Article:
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The Christadelphians

"And the Lord shall be King over all the earth ..."
Zechariah 14:9

West Houston

The Christadelphian
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Course #29 - Devils, Demons and Satan

Suggested Reading:  Matthew 8:14-34
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There are two Greek words that are translated "devil" in our Bibles, and as they mean different things, we really need to know what each word means. They are:

  • daimon - which means "evil spirit"
  • diabolos - which means "slanderer"

The word daimon, is used in the Greek when we are told that Jesus "cast out devils". Jesus cured every kind of illness from which men suffer. He gave sight to the blind; he restored hearing to the deaf; he made the lame walk. He also cured many people suffering from mental illnesses, and complaints like epilepsy.

In those days, when an illness was hard to understand, people would say that the sufferer was "possessed by a demon". When Jesus healed such people, he was said to "cast out the demon".

Read carefully Matthew 8:16-17. It tells us that

Jesus said that Isaiah had prophesied about this when he said:

"the people brought unto him many that were possessed with devils (demons):and he cast out the spirits with his word, and healed all that were sick." Jesus said that Isaiah had prophesied about this when he said:

"Himself took our infirmities and bare our sicknesses"

(Isaiah 53:4)

This shows us that

"devil or demon possession"

is the same as

"infirmities" or illnesses

Idols that were "demons"

In other places in the Bible where the word daimon is used, it often refers to the worshipping of idols. Turn to Psalm 106. This Psalm tells of all the wrong that Israel did, and how, in spite of it all, God continued to bless them. Read verses 36-38, where the Psalmist says of all Israelites:

    "They served their idols:which were a snare unto them. Yea, they sacrificed their sons and their daughters unto devils."

The word "devils" here is the Old Testament equivalent to daimon, or demon. In verse 37 the accusation is repeated, but this time we are told that Űtheir children were sacrificed to idols'. Clearly, then, the "devils" mentioned here were the idols of the nations surrounding Israel.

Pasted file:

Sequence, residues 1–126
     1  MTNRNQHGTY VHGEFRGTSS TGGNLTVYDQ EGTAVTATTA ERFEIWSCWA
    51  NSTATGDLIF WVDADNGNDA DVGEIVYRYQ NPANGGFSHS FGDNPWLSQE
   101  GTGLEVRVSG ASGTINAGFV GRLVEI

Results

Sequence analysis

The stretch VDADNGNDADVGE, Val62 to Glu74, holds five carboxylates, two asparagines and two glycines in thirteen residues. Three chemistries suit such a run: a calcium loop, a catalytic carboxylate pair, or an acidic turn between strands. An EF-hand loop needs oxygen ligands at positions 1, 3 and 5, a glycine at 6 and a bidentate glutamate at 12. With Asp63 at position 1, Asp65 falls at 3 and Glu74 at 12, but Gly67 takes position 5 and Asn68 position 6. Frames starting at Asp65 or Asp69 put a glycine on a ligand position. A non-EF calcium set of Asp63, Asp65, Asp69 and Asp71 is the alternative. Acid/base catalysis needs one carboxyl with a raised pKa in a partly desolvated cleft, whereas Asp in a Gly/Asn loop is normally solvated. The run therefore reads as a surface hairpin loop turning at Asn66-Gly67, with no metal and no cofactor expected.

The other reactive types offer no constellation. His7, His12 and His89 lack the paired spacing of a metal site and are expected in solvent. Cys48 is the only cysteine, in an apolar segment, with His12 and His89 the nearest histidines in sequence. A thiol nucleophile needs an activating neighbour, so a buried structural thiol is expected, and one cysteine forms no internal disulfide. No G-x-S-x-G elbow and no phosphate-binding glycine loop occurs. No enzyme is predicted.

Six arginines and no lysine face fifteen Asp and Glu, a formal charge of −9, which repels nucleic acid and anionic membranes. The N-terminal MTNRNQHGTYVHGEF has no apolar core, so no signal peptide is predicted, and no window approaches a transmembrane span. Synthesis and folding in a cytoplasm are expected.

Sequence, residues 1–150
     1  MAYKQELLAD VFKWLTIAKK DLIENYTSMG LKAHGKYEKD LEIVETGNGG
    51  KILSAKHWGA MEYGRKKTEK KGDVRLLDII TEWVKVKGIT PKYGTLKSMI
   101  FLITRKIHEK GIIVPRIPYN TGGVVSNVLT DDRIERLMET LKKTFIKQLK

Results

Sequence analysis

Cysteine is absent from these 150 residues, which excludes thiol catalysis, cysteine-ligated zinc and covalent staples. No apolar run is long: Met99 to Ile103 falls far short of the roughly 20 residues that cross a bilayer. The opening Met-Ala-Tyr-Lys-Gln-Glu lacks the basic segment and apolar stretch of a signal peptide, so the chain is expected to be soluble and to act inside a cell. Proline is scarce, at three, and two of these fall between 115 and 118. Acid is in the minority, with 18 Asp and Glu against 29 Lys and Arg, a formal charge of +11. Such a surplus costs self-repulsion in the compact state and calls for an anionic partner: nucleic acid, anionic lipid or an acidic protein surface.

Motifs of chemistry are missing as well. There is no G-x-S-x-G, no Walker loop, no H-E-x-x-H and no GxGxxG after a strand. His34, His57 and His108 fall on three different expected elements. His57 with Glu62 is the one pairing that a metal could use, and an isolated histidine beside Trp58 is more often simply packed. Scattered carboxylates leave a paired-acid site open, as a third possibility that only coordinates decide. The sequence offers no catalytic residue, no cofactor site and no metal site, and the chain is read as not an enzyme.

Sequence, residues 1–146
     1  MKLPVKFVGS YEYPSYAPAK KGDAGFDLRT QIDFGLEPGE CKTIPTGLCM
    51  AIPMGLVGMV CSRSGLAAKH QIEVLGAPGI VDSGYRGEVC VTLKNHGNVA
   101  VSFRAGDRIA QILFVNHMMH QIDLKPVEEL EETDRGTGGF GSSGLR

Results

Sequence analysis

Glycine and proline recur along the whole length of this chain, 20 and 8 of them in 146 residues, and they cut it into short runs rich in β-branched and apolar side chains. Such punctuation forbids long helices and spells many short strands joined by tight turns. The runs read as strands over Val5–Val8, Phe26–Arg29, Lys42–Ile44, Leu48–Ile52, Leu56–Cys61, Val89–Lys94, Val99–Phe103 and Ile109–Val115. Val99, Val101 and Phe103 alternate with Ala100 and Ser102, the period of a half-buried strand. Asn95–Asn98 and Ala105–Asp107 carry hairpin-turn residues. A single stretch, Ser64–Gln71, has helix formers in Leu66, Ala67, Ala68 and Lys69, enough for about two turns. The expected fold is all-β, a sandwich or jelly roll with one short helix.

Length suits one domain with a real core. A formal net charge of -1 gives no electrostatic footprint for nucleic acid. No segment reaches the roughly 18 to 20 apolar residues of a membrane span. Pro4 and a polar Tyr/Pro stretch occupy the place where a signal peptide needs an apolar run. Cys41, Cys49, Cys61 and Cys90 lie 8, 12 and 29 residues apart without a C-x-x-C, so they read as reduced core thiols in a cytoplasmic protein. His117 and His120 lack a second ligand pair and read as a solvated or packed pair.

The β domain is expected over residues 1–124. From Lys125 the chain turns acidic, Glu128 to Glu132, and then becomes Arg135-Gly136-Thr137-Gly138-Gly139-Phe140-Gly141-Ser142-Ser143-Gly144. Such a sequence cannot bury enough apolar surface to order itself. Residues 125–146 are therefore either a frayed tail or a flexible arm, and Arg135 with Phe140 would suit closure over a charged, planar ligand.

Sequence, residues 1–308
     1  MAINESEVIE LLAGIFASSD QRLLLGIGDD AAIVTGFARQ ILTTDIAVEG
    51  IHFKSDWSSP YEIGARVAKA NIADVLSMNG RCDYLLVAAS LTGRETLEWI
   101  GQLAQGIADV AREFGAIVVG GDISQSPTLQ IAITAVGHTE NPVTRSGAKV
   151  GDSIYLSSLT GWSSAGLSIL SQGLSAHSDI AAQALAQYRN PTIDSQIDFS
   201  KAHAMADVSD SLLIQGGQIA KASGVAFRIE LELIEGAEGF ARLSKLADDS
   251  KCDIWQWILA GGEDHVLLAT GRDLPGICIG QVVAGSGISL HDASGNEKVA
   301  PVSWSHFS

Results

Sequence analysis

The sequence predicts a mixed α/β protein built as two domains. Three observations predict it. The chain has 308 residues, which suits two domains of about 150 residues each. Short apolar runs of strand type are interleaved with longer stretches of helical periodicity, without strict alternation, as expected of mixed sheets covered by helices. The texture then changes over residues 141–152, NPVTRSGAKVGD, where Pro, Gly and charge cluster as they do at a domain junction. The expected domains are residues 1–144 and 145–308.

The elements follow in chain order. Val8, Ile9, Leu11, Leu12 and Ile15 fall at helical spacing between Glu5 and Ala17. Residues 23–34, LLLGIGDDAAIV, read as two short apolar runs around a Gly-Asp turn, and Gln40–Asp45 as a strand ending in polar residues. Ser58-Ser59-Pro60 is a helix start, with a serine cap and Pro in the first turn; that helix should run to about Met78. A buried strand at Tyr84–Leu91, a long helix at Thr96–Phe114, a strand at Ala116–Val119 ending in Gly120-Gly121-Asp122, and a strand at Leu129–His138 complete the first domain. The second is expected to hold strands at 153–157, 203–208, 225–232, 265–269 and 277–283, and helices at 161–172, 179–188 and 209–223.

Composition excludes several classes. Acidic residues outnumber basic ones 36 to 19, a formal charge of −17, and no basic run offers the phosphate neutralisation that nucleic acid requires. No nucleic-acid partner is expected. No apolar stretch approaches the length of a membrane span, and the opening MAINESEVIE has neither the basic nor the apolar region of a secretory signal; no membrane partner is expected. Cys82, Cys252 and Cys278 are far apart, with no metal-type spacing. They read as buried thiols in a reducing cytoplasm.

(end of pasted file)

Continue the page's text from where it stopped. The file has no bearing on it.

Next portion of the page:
There is a similar use of the word in the New Testament, in 1 Corinthians 10:20. Paul tells the Corinthians that the Gentiles "sacrifice to devils, and not to God". If you look back to verse 19, you will see that these "demons" were really idols.

The Christians worshipped the one true God; all other gods were idols, here called "demons"; lifeless objects which people worship in vain.

Note: the word which means "evil spirit" (daimon) is usually translated devils in the Authorised Version and should not be confused with devil. Other versions often have demons instead of devils.


Satan in the Old Testament means "adversary" or "one who opposes".

    1 Kings 11:14 says "And the Lord stirred up an adversary unto Solomon, Hadad the Edomite."

    11:23 says "And God stirred him up another adversary, Rezon the son of Eliadad"

    11:25 says "He was an adversary to Israel all the days of Solomon."

Solomon started off well as a king and loved God, but then he became caught up in idol worship, so God sent him adversaries. This word "adversary" in 1 Kings 11 is exactly the same word as is elsewhere translated "satan". Hadad and Rezon brought trouble for Solomon and Israel, and "opposed" them because Solomon and Israel were sinning. They were "satans" to Solomon and Israel.

A satan is not always an evil adversary. In Numbers 22: 22 we are told of a prophet called Balaam, who was going on a journey which God did not want him to make. The record says,

    "God's anger was kindled because he went: and the angel of the Lord stood in the way for an adversary against him".